At the age of 23 and with a slew of blockbuster movies under his belt, you could say Freddie Highmore is something of a Hollywood veteran.
With eighteen years in the business, the wavy-haired former child actor has played opposite some of the biggest names in acting, from Kate Winslet and Helena Bonham Carter to Dustin Hoffman, Guy Pearce and Johnny Depp, in films as diverse as Charlie And The Chocolate Factory, Finding Neverland and most recently the hit TV series Bates Motel, as the formidable Norman Bates.
In his striking cover shoot for the new Summer 2015 issue of Attitude
, it's safe to say Freddie has arrived. Here's a taste of our ten-page feature with him:
You look very different in this shoot – are you ready to become a pin up?
I think in a way, being judged as a sex symbol and being famous almost go hand in hand but it is not something I have ever sought. It’s tricky because these days success relies on promoting the film or the show more and more, and promoting the actors via Twitter and social media, which I am not on. There is more and more pressure on actors to try to embrace a public social media presence. But I am still holding out.
We’re three seasons in to Bates Motel – you must be so pleased with how it’s being received?
Becoming a part of a story so well known and so well loved, you don’t want to mess it up. But having our show set in the present day and going back to see what it was that turned Norman psychotic, we felt free to bring in our own interpretations and not be restricted by the original source material. From my point of view, I never attempted to mimic what Anthony Perkins did in the movie; however he was obviously an amazing source of inspiration upon which to build.
You appear to be a very sweet, gentle man, do you have a dark side?
Only when I am watching or playing football, that’s when my dark side comes out. The latter stages of this season for Arsenal have been a happy time so far.
You’ve been acting for 18 years, has it been an easy transition getting to where you are now? We read so much about young stars like Lindsay Lohan and Macaulay Culkin who struggle to deal with growing up in the industry…
A lot of it is because I had a supportive family growing up. Between making films, I would go back to ordinary school in London instead of home schooling. I didn’t go to school in Los Angeles, where it must be harder to maintain that distinction between a normal life and film work. I wasn’t defined as an actor in London. And going to uni studying foreign languages rather than drama helped to keep me grounded.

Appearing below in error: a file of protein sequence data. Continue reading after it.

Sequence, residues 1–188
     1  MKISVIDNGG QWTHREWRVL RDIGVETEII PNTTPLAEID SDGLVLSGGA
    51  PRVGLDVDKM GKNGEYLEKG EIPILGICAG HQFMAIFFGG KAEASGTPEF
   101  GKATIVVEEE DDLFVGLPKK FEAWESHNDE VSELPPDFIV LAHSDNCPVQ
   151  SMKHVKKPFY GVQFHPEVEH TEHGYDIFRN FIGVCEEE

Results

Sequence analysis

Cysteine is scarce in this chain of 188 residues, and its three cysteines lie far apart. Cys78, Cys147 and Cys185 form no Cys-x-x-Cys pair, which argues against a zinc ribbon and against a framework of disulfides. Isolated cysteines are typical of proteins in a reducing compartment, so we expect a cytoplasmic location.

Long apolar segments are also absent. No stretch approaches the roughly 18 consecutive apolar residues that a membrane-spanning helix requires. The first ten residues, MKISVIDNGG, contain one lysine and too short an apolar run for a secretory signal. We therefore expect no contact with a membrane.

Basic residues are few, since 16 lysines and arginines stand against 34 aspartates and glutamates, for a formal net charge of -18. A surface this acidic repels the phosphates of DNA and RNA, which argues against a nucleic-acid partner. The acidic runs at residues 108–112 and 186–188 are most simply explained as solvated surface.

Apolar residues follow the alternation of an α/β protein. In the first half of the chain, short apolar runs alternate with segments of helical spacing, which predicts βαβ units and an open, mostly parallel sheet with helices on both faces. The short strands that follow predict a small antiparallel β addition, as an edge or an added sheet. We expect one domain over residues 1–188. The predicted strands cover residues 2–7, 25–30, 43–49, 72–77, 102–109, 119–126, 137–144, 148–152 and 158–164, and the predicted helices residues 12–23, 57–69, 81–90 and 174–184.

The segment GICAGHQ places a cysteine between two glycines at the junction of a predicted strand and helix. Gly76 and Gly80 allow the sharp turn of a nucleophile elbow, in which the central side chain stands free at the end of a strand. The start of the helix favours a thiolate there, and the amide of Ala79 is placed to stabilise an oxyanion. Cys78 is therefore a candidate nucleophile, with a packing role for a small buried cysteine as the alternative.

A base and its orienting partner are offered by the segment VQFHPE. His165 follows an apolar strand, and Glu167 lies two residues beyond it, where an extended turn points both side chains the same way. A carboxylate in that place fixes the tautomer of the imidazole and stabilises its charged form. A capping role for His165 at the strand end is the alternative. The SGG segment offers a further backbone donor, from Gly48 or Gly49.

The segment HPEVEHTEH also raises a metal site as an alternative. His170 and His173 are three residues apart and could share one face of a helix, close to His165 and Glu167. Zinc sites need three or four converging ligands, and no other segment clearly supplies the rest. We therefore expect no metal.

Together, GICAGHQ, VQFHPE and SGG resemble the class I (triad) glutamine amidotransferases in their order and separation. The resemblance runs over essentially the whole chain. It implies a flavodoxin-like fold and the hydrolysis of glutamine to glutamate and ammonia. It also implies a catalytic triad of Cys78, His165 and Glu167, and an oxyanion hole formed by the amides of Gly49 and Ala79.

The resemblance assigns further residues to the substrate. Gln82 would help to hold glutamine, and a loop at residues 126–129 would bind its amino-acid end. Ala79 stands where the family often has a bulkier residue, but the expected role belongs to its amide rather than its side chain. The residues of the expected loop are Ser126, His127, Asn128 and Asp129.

Bates Motel has a big gay fanbase. Does that mean you get asked to participate in any LGBT support?
In the past I was more often asked to support children’s charities! In some ways, change is best started with yourself. You and your friends not just being aware of what you believe in but standing up for it. If a situation arises that you don’t agree with – like someone making a joke at the expense of the LGBT community – you have to speak up for it: Hopefully remain friendly but don’t let the moment go by. When I was at school, that phrase ‘you’re so gay’ suggesting weakness was commonplace and kind of acceptable – but at uni it was happily not used. Maybe that kind of thing is the real positive education of going off to university! I don’t think people are born homophobic – at least, I hope not.
We live in cosmopolitan London, but outside of the capital life might not be as happy.
Sadly, I think you’re right that big cities do welcome diversity more. Maybe familiarity has taken away the fear. That’s why it’s important to have positive role models in the public so that people can more easily gain confidence to freely express themselves. Actually, there is a phrase I’m not wholly comfortable with: ‘More tolerant’. Surely, it’s not about tolerating others as if they were a noisy neighbour, or that bloke on the tube with B.O? It’s about accepting that we’re all unique and that the world’s genuinely richer because of it. I’d also like to state that no-one should safely accept a Norman Bates as their motel manager!
Bates Motel season 3 is shown Wednesday nights at 9pm on Universal Channel.
Also in this issue:
· Will Young speaks out about inadequate politicians, lack of gay sex education in schools and dating,
· US TV mogul Andy Cohen on breaking down boundaries with Bravo,
· Colin Farrell’s brother Eamonn talks about his brother’s support for the upcoming Irish equal marriage referendum,
· In a bumper Eurovision special feature, Former Eurovision presenter Sarah Cawood says the UK should follow Sweden's lead when entering the competition.
The new issue of Attitude is available now to download from Pocketmags.com/Attitude
. The print edition is on stores from Wednesday April 29, and you can also have it delivered directly to your door at newsstand.co.uk/Attitude